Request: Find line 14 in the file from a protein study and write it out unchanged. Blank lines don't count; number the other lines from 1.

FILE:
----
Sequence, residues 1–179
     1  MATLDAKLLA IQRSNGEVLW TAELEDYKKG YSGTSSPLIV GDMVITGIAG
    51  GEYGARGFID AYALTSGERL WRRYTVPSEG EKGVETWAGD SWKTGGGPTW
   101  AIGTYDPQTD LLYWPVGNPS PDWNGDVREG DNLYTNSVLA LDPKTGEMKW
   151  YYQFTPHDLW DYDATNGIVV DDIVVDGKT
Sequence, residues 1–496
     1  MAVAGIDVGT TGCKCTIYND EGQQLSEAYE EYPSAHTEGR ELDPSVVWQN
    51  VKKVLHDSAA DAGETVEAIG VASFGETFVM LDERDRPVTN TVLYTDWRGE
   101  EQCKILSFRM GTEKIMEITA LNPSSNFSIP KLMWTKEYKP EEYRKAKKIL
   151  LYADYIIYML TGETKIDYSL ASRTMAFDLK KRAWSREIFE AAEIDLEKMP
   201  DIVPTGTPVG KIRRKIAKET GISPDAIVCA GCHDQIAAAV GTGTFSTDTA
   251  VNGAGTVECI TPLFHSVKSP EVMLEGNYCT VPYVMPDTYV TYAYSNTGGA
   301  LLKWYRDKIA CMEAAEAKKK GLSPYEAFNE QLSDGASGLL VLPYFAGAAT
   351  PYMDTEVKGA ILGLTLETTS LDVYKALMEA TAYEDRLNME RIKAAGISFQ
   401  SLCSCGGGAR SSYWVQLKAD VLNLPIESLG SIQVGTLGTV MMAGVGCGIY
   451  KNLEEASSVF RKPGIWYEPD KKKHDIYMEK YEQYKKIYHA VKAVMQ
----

   351  PYMDTEVKGA ILGLTLETTS LDVYKALMEA TAYEDRLNME RIKAAGISFQ